Here is what gets me when I look at the condition of this bass drum. Where are the parents? Don’t the parents look at this drum and say, “how come my child is playing music on an instrument that looks like this?” After all, we know that that same parent will be in the principal’s office railing on the math or English teacher that allows his / her child to learn using such poor quality of material. The condition of this bass drum does not appear to annoy / anger the student’s parent, otherwise we would not have seen this bass drum at a parade in front of thousands of people.
Here is what gets me when I look at the condition of this bass drum. Hate to ask, but to be fair: Where is the teacher? Again, I don’t want to pick on my colleague, but my goodness! All of us (music teachers) need to do what we can to ‘fight’ for our students. When we have equipment / instruments that look like this bass drum, FIGHT! Do not add to the education culture of hierarchy of importance. Every subject offered on every campus needs to be treated with respect / importance. Apparently, when I look at this bass drum, I see this band’s school’s culture has a hierarchy of importance. If the school truly believed that band is AS IMPORTANT AS ANYTHING SUBJECT / ACTIVITY, there is no way this bass drum would have been seen on a street, during a parade, in front of thousands of people. Therefore, I cannot give the entire fault for this bass drum’s appearance on the teacher. The teacher is part of a school’s culture and there are some teachers / many teachers who do not fight culture.
What does this this bass drum represent? Music teachers need support. We need to have administrators have empathy. There are schools’ budgets based on number of students in a department. If you are a music teacher working under that budget structure, you will be in trouble. You will never have enough money to fix a bass drum drumhead. You will need to inform your students’ parents about costs of instruments and maintenance of those instruments.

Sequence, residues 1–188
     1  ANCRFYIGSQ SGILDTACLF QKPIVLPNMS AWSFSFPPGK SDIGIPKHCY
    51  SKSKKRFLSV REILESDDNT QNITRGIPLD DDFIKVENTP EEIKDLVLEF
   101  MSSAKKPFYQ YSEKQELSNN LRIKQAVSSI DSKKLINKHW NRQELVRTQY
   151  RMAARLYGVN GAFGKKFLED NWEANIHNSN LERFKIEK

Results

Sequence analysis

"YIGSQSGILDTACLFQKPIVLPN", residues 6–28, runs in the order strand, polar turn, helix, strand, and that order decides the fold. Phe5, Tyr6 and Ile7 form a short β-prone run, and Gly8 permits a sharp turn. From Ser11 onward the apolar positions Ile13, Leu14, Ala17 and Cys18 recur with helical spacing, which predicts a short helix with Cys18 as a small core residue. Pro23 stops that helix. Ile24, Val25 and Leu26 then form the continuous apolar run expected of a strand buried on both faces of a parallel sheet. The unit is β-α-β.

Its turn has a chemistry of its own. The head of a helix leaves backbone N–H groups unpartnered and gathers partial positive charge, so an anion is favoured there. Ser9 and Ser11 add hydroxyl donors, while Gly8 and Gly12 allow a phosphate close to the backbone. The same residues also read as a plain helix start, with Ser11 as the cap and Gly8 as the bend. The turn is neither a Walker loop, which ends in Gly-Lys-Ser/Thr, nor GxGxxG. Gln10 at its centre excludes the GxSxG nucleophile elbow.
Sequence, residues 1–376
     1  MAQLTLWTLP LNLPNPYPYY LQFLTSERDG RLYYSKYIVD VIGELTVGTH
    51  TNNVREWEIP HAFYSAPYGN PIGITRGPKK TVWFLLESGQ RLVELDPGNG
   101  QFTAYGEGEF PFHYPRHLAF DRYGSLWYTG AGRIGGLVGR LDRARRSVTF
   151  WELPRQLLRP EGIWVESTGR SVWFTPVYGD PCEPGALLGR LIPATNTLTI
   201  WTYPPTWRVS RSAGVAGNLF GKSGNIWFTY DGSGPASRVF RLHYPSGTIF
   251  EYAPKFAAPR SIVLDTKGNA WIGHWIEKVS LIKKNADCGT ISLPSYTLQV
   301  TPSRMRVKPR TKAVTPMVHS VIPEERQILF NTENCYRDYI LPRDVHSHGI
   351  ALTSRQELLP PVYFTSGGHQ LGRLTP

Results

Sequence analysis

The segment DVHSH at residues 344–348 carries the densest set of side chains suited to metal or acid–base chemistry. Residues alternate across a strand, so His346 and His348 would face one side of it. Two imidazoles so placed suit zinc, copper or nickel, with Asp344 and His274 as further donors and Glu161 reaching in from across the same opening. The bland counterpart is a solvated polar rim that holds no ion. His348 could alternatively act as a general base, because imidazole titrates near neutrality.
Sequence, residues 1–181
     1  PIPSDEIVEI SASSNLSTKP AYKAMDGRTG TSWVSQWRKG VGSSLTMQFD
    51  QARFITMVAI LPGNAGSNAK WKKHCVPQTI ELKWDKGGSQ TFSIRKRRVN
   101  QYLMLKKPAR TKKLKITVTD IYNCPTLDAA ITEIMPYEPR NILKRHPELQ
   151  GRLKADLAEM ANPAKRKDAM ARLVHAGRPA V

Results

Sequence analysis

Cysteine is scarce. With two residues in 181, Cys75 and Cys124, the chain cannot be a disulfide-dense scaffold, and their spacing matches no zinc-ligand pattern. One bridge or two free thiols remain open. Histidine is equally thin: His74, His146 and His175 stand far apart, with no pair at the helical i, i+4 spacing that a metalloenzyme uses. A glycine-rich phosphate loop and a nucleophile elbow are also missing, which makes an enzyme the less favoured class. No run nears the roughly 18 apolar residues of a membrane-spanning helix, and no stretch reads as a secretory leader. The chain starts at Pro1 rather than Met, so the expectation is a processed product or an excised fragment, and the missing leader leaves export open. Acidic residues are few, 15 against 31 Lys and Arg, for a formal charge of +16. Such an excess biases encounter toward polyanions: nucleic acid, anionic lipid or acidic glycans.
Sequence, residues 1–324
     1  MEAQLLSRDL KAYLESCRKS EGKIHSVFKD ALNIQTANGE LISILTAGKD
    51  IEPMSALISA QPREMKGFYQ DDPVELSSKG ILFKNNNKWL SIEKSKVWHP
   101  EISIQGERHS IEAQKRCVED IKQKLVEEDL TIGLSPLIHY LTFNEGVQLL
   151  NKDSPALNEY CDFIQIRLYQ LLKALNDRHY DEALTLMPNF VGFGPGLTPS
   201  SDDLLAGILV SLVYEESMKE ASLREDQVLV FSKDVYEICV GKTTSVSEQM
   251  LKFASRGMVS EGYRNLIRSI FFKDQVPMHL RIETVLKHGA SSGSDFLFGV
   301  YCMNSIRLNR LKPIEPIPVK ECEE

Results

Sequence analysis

What does this bass drum represent? Schools need to do a better job to demolish, bring to naught, put a stop to, terminate the hierarchy of subjects. There is no way in a school’s culture of “all subjects matter” that a bass drum would like that in front of thousands of people! Administrators need to realize and ACCEPT that their schools’ music program is an ambassador for their school. When we (patron) look at this picture, we see YOUR SCHOOL! Even the “lay person” looks at this bass drum and says, “that doesn’t look good.” Also, we cannot hear, “Well, we are just a small school in a small town and we do what we can.” We set-up the barriers. I am sure the small-town-struggle is real, but so is your willingness to use the small-town-struggle as a “reason” for failures. Have a spaghetti feed! Host a concert. Talk to your local Rotary / Kiwanis / Lions / service clubs for donations or pancake breakfast fundraisers. Part of the charm of a small town is y’all can help one another because there will be a time when y’all are going to need someone’s help.
No student should play on an instrument that looks like this. It is one thing to see tennis shoes on the feet of the band members (which can be seen this picture), but to play on an instrument that looks like this? Not acceptable. When I am criticized for the passion I have for the music program and my students, I simply look at this picture and say, “If I don’t fight for my program, who will? If I have to fight the coaches / colleagues so my students can have the funds for instruments or the field to rehearse on, bring it! If I have to fight with parents so we can get money for instruments or money to maintain the instruments, bring it!” I don’t enjoy fighting. I don’t believe there should be fights for what is right. Negotiation is better than fighting. I don’t enjoy being called names or being shunned for doing what I consider is part of my job. What I do enjoy is seeing and hearing the students make music and that makes up for the loneliness of doing what is right. Seeing people along a parade route, in a stadium, in a concert hall in awe of my students’ performance helps to ease the pain of the name calling and being ostracized. Whatever it takes LEGALLY – MACHIEVELLIAN – for my students to reach the level of excellence, I will do. Hate to have people not like me, but GOD LOVES ME; MY WIFE LOVES ME; MY CHILDREN LOVE ME – I will live. If you love me, thanks — and if you don’t love me … you don’t know me.
FIX THE DAMN BASS DRUM DRUMHEAD! Thank you.